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# 3DTV/3DV Encoding Approaches

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Subsystems include elements for the capture, representation/ definition, compression, distribution, and display of the signals. Figure 3.1 depicts a logical end-to-end view of a 3DTV signal management system; Fig. 3.2 provides additional details. Figure 3.3 provides a more physical perspective. 3D approaches are an extension of traditional video capture and distribution approaches. We focus here on the representation/definition of the signals and compression. We provide only a brief discussion on the capture and display technology. The reader may refer to [1–4] for more details on capture and display methods and technologies.

The availability of content will be critical to the successful introduction of the 3DTV service and that 3D content is
more demanding in terms of production. Real-time capture of 3D content almost invariably requires a pair of cameras to be placed side-by-side in what is called a 3D rig to yield a left-eye, right-eye view of a scene. The lenses on the left and right cameras in a 3D rig must match each other precisely. The precision of the alignment of the two cameras is critical; misaligned 3D video is cumbersome to watch and will be stressful to the eyes. Two parameters of interest for 3D camera acquisition are camera separation and toe-in; we already covered these issues in the previous chapter. This operation is similar to how the human eyes work: as one focuses on an object in close proximity the eyes toe-in; as one focuses on remote objects the eyes are parallel. Interaxial distance (also known as interaxial separation) is the distance between camera lenses’ axes; this can be also defined as the distance between two taking positions for a stereo photograph.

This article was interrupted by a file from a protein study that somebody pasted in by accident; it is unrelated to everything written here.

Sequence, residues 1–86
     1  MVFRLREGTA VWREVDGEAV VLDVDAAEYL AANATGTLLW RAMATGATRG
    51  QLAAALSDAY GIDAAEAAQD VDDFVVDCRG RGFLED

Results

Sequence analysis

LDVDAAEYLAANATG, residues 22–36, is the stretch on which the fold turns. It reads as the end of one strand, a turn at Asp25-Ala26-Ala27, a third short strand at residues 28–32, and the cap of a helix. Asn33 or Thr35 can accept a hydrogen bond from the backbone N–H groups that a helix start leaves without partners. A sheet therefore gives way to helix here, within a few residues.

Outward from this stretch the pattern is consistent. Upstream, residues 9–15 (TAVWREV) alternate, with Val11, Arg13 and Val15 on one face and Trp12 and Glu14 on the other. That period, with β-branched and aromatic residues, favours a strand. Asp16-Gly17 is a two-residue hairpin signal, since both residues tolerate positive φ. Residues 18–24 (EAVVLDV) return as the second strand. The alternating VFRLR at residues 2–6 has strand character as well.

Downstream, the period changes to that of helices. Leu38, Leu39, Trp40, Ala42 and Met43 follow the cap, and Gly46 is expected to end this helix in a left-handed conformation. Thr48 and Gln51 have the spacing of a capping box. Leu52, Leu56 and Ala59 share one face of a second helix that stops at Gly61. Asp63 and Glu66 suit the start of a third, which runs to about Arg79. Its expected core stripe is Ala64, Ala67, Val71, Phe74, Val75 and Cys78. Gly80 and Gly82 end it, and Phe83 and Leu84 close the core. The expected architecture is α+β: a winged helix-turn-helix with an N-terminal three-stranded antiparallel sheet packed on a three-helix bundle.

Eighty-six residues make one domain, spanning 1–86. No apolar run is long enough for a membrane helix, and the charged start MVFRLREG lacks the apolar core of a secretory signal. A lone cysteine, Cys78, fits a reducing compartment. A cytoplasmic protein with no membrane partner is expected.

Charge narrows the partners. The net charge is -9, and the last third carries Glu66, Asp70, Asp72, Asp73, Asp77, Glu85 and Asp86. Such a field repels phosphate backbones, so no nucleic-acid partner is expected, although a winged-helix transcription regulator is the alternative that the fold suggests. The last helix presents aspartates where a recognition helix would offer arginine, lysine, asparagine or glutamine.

The baseline distance between visual axes (separation) for the eyes is around 2.5 in. (65 mm) although there is a distribution of values as shown in Fig. 3.4 that may have to be taken into account by content producers. 3D cameras use the same separation for baseline, but the separation can be smaller or larger to accentuate the 3D effect of the displayed material. The separation will need to be varied for different focal length lenses and by the distance from cameras to the subject [5]. A number of measures can (or better yet, must) be taken to reduce eye fatigue

in 3D during content development/creation. Some are considering the creation of 3D material by converting a 2D movie to a stereoscopic product with left- /right-eye tracks; in some instances non–real time conversion of 2D to 3D may lead to (marginally) satisfactory results. It remains a fact however, that it is not straightforward to create a stereo pair from 2D content (issues relate to object depth and reconstruction of parts of the image that are obscured in the first eye). Nonetheless, conversion from 2D may play a role in the short term.

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